For UK, US storage pros, the job's the same, but not the salary

Storage capacities are soaring on both sides of the Atlantic, but salaries of UK storage pros are lagging behind those of their US counterparts.

Salaries for storage professionals in the UK lag significantly behind those of their storage counterparts in the US.

After surveyed storage professionals in the UK and then compared the results to a similar salary survey of storage professionals in he US, it seems as if the best advice right now for UK storage professionals is, "Go west!"

For the 759 respondents who completed the US survey, the average salary was $86,573 (£58,495 at the current exchange rate of £1/$1.48), which was a 6% increase over 2007. In 2008, the average salary for the 160 UK respondents came to £42,770, an increase of 3.78% over 2007.

However, US storage pros are slightly less confident about their future remuneration than their UK counterparts. They expect salaries in 2009 to rise by 4.5%, whereas UK storage pros are hoping for a 4.93% bump.

US storage pros also got more in terms of salaries per terabyte managed, with those managing 10 TB to 99 TB earning an average of $84,597 (£57,160) compared to £44,588 in the UK. Those in the US managing 100 TB to 500 TB earn an average of $91,735 (£61,983) compared to £57,388 in the UK (managing 100 TB to 250 TB). For those managing more than 500 TB in the US and more than 250 TB in the UK, the figures were $102,595 (£69,320) and £63,000, respectively.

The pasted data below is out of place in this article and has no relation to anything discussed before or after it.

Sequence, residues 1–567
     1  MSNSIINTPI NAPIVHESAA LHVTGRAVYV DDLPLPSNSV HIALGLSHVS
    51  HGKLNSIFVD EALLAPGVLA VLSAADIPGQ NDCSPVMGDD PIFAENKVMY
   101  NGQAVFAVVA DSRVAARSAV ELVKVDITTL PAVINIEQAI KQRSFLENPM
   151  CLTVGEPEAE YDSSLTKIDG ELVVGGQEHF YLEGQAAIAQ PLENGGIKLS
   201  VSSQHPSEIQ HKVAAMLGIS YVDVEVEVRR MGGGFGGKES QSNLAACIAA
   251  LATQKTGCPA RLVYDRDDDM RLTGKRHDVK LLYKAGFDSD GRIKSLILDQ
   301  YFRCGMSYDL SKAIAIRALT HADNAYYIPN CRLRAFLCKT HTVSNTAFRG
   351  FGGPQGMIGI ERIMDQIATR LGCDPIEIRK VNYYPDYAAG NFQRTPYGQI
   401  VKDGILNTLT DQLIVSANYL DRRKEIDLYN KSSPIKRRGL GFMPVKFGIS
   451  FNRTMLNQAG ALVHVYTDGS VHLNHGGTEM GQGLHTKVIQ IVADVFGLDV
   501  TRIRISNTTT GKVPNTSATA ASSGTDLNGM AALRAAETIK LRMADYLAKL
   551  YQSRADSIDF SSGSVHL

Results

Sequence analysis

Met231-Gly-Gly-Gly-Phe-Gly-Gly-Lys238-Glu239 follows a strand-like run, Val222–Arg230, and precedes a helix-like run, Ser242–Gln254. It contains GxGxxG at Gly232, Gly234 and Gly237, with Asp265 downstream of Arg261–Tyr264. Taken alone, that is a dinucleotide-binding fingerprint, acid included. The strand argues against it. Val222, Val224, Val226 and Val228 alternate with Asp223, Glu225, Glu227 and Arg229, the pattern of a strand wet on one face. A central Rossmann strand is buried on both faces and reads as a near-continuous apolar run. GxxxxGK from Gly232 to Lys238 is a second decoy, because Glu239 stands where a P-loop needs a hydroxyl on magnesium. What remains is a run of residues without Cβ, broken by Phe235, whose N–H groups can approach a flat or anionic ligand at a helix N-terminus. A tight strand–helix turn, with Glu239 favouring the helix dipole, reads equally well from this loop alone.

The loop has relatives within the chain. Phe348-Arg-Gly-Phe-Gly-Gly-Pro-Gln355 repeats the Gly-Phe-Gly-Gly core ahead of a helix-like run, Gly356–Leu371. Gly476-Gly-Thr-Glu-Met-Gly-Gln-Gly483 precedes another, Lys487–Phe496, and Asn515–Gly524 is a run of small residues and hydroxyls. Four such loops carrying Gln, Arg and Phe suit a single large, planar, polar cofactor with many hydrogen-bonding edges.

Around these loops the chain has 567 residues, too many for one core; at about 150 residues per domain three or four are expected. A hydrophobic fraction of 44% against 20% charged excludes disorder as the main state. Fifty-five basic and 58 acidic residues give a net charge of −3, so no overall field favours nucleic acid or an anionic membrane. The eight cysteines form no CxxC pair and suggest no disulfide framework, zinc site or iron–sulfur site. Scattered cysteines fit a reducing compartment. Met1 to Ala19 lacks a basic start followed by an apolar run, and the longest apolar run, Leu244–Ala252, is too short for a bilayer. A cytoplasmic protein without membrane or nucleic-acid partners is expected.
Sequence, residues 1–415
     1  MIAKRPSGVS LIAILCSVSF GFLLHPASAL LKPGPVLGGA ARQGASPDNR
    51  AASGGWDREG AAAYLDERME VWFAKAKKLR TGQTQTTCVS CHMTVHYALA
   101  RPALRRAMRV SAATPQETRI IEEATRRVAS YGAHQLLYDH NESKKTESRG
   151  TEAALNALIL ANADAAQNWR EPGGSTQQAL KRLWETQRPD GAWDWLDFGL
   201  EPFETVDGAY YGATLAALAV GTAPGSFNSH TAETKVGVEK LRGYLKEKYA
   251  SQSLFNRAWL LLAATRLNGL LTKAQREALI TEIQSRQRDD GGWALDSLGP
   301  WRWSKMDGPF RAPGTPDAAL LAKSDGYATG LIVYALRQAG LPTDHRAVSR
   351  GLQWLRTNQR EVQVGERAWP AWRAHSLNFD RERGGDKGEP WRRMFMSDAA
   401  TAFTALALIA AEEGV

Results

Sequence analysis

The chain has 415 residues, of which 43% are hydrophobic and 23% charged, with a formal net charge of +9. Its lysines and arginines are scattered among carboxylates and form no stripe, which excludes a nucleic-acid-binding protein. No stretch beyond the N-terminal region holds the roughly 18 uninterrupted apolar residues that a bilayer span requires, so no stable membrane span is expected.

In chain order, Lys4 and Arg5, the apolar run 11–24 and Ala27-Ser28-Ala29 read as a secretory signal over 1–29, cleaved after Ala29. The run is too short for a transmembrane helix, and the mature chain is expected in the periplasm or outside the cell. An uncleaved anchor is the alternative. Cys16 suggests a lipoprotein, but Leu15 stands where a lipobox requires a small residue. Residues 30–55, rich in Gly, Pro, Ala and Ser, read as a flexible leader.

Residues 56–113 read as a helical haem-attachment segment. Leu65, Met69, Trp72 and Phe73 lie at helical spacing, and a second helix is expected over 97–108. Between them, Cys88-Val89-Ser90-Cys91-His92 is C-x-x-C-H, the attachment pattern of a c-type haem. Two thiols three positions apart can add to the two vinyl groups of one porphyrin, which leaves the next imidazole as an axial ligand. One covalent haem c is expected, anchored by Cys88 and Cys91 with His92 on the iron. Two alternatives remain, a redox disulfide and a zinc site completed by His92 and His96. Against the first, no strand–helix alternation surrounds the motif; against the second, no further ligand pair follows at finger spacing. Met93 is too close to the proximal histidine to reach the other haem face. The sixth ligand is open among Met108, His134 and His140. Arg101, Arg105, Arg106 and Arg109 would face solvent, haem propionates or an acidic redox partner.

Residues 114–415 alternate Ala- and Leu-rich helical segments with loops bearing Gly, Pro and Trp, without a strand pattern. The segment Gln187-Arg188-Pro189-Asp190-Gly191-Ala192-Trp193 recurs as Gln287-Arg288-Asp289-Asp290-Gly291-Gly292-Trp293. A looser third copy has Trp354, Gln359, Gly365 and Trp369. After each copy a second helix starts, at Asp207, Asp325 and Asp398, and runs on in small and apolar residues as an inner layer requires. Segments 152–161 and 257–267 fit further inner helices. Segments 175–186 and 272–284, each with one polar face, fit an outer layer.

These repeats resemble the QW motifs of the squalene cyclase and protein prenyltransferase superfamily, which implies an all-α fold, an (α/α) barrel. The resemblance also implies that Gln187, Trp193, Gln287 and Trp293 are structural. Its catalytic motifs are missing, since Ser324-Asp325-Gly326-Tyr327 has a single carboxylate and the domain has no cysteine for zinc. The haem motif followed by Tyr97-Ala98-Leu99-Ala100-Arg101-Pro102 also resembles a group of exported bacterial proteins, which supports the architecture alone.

Note on exchange rates
The current economic climate has made a lot of difference to this salary comparison, with the pound's slide against the dollar making US salaries appear far more attractive. When the exchange rate was around 2:1 earlier this year, the average US (£43,286) and UK storage salaries (£42,770) were almost identical.
Those who manage and administer storage in the US also did better than their UK counterparts in terms of salary by educational achievement too. On average, respondents in the US without undergraduate degrees earned $80,908 (£54,667) compared to £38,155 in the UK. Those with degrees in the US earned $87,259 (£58,958) compared to the UK's £41,734. Those with post-graduate degrees fared similarly – perhaps reflecting a more internationalised job market at senior levels – with US respondents earning $91,731 (£61,980) compared to £60,146 in the UK.

One area where UK storage professionals may have it better than their US counterparts is storage may be growing at a slower rate. Whereas approximately 97% of US respondents reported an increase in storage capacity in 2008 over 2007, but in the UK, that figure was slightly less at 90%. And while almost half of US respondents watched their storage capacity grow by 11% to 30%, only 39% did so in the UK. However, more UK storage pros reported capacity growth of more than 50% -- 18% of respondents in the UK compared to 15% in the US.

However, there was one identical result in the two surveys. For US and UK storage professionals, salary was the most important factor in job selection.

This was last published in December 2008

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